Thursday, November 3, 2011

Notes from the Field: Installing SCOM 2007 R2 Databases into SQL 2008 R2 Part 1

This is a blog post that I’ve been meaning to put up for nearly a year but kept forgetting to document the process during SCOM installs – until now!

There are a couple of issues when you are installing SCOM 2007 R2 into an SQL 2008 R2 environment that can be quite annoying and the fix isn’t that obvious at first glance for them. The issues occur when the DBCreateWizard.exe hangs or crashes and the SCOM Reporting installation hangs half way through too.

When you try to install the SCOM databases into an SQL 2008 R2 environment using the standard SCOM installation process, you will soon see that it fails on the pre-requisite check for SQL server and will report back that you don’t have SQL Server installed as the image below shows!

Because the SCOM 2007 R2 media is not SQL 2008 R2 aware, you need to manually create the SCOM ‘Operations Manager’ and ‘OperationsManagerDW’ databases using the ‘DBCreateWizard.exe’ utility.

Before creating the SCOM databases, it’s always a good idea to know what size you will want your databases to grow to, I always use the OpsMgr Sizing Tool v1.3 as a guideline to sizing and you can download it from here:

To manually create the SCOM databases in your SQL 2008 R2 environment you first need to copy the SCOM media (or at least the ‘Support Tools’ folder from the media) to your SQL 2008 R2 server.

Note: Make sure that you have already created a new SQL instance for the SCOM databases with an SQL Collation setting of :

‘SQL_LATIN1_GENERAL_CP_CI_AS’ ( no other SQL collation will do for your SCOM install!)

Now open a command prompt with administrator privileges, browse to the SCOM media location and open up the \SupportTools\AMD64 folder

 Now run the 'DBCreateWizard.exe' utility

 Once the Database Configuration Wizard opens, click on 'Next' to continue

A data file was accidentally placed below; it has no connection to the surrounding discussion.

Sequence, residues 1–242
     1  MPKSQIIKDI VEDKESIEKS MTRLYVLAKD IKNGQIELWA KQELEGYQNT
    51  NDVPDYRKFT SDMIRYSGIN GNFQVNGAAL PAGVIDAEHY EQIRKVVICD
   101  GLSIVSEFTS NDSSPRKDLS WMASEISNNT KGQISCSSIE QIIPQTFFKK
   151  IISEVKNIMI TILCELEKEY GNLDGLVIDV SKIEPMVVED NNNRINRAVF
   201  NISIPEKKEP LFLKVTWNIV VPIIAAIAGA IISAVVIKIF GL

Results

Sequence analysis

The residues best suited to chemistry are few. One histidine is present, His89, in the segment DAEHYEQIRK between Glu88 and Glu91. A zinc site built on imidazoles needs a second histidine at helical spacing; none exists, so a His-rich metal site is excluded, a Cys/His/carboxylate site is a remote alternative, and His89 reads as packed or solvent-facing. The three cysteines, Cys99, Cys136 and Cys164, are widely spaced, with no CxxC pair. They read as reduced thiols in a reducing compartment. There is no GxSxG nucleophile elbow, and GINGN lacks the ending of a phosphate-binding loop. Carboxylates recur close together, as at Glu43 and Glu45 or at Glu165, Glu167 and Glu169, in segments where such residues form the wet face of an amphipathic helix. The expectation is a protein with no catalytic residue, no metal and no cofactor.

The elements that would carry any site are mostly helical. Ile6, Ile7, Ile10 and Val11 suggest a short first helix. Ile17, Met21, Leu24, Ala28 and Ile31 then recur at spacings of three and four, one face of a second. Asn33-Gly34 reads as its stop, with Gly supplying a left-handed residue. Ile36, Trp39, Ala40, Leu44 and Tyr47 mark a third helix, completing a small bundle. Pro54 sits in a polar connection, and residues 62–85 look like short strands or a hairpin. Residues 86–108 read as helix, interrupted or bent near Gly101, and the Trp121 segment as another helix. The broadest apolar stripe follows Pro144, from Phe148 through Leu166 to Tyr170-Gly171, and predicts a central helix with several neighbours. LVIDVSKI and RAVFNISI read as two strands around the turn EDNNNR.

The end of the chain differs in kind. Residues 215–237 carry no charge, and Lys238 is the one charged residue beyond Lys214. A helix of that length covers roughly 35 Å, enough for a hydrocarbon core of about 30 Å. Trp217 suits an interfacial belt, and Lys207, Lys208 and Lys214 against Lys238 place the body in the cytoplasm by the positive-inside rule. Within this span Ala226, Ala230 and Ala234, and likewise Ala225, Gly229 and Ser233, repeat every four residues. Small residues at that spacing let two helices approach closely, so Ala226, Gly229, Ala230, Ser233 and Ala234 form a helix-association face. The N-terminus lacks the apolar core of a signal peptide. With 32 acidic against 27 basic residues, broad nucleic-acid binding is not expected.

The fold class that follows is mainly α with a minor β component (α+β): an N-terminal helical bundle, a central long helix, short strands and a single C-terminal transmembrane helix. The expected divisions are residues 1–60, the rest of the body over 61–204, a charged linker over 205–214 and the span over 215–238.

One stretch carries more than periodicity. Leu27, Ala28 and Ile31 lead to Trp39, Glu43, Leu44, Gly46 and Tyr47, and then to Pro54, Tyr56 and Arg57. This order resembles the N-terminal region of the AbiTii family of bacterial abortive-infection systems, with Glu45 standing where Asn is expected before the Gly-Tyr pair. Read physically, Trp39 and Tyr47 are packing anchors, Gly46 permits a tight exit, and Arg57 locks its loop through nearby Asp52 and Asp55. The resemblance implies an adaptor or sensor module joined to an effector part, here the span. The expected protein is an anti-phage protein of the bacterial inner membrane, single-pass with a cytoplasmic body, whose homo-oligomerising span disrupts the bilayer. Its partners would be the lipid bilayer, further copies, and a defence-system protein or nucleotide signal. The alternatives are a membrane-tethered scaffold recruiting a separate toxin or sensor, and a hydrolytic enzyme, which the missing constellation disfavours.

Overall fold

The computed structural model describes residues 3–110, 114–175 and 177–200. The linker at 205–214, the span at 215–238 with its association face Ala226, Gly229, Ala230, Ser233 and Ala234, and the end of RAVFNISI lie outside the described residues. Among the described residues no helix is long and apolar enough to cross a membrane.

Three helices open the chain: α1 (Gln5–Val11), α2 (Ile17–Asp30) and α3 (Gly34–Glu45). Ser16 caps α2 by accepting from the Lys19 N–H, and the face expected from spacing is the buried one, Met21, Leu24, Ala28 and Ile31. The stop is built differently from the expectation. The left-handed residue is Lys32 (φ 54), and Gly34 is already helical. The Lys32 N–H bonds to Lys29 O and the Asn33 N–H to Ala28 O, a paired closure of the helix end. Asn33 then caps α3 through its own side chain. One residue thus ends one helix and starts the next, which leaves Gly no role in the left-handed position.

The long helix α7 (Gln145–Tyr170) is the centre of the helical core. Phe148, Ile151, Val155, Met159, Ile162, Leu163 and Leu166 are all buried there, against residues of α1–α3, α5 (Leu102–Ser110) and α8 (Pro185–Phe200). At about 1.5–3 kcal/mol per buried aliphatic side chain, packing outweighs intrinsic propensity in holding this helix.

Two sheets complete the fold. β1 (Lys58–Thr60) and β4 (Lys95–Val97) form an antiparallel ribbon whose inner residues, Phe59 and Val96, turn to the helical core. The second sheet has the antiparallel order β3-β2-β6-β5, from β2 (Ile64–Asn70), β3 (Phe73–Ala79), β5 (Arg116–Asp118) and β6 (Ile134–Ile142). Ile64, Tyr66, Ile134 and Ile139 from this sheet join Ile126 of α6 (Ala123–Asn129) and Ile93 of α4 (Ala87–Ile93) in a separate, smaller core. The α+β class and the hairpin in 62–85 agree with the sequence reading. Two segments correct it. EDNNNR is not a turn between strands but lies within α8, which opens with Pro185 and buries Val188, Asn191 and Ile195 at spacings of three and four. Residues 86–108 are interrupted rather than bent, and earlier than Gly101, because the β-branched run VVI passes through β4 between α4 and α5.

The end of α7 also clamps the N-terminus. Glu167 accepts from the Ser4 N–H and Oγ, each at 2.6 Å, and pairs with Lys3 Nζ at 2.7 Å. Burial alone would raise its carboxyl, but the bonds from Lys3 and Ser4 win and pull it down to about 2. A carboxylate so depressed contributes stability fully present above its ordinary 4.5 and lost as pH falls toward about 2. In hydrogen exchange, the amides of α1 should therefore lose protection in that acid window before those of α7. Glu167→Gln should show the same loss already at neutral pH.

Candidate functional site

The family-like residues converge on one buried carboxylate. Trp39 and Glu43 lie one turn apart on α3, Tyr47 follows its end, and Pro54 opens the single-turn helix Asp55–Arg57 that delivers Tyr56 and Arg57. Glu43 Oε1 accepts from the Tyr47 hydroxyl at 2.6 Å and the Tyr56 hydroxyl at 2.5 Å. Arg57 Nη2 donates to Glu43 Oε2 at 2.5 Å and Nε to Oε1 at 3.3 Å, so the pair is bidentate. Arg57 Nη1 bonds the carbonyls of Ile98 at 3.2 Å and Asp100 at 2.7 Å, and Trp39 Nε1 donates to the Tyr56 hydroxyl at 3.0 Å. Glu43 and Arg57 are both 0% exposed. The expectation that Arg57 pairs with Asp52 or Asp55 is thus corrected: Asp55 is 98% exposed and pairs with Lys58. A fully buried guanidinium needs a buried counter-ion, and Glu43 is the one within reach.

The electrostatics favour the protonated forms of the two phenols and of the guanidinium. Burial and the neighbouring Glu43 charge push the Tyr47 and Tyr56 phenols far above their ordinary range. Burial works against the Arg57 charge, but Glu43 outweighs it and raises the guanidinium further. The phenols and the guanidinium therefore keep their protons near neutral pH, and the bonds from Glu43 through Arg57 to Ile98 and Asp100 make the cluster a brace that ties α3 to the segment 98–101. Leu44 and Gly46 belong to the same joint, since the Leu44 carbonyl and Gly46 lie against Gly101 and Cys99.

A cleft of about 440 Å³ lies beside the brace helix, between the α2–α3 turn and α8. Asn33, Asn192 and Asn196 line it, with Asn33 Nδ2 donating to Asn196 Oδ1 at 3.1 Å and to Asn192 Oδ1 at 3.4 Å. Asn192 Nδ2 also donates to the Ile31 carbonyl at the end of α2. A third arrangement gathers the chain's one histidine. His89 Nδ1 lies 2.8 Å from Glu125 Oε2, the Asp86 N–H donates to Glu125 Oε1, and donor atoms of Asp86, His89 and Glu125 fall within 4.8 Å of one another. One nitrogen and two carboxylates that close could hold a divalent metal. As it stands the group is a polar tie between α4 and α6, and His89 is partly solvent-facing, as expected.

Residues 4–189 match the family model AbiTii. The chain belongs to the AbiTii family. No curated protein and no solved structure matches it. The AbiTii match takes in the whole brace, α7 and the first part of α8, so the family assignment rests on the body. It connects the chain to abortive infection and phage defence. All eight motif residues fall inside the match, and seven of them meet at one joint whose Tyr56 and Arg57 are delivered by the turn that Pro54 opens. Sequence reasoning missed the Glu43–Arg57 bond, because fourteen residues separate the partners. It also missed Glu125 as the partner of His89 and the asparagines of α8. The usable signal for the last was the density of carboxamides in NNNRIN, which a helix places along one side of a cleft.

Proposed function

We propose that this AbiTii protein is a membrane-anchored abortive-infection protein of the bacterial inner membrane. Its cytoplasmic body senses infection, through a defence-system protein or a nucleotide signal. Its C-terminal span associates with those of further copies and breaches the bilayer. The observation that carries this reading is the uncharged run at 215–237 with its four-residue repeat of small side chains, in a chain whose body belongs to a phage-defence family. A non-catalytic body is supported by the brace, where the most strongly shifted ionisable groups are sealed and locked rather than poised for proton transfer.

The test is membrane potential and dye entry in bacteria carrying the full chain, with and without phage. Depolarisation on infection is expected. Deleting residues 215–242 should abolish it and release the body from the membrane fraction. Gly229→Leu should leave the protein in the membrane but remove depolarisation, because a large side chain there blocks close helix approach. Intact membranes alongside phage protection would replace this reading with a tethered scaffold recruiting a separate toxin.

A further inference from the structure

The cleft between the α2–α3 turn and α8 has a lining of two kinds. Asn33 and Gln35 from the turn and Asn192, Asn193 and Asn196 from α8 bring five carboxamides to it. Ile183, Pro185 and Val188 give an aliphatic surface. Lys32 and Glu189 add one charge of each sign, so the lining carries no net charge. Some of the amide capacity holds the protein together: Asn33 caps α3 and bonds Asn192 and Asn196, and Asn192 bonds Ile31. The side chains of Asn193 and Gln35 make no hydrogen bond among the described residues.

From the next screen, choose which database you will be installing, select your SQL instance, specify the size of the database and ensure you have your database and log file locations correct, then click ‘Next’ to continue

Next up, choose a name for your SCOM Management Group and specify what administrative groups have access to the SCOM console

Choose whether or not you want to send your Error reports to Microsoft and then click ‘Next’ again

 Confirm all is good in the final screen, then click ‘Finish’ to build the first ‘OperationsManager’ database

All going well and you should see the screen below confirming that the Database installation was successful

So, what was the problem with that you might ask? So far, nothing! All goes well with this first ‘OperationsManager’ Database installation but you will start to run into problems when installing the ‘OperationsManagerDW’ database component on an SQL 2008 R2 server.

To begin installing the ‘OperationsManagerDW’ database, you will follow nearly identical steps to the ones above for the ‘OperationsManager’ database.

To kick it off, again run the ‘DBCreateWizard.exe’ utility from an administrative command line

Once the Database Configuration Wizard window opens, click 'Next' to continue

From the next screen, choose the ‘Operations Manager Data Warehouse Database’ option from the drop down menu, select your SQL instance, specify the size of the database and ensure you have your database and log file locations correct, then click ‘Next’ to continue

Confirm all of your settings are correct and then click ‘Finish’ to install the Data Warehouse DB

Now, after a short while, if you’ve selected to install a database that is any size larger than around 40GB (in my example above, I’ve chosen to create a 100GB one), you will get a timeout error back from your SQL server stating:

‘Database creation failed. The database might have been incompletely created or modified.’

The trick here is to create the database using the DBCreateWizard utility but don’t specify a size greater than 40960MB (40GB). Once this 40GB Data Warehouse completes successfully, then we have to go into the SQL Server Management Studio and increase the size of the databases from there. We will also need to increase the size of the log files for each database at this point too.

In Part 2 of this short 'Notes from the Field' series, I'll continue on with manually expanding the SCOM databases using the SQL Server Management Studio and will also walk through the SCOM Reporting installation and the issues that can arise when installing it into an SQL 2008 R2 SSRS environment.


  1. Thank you! This resolved an issue in my lab that's been driving me nuts :)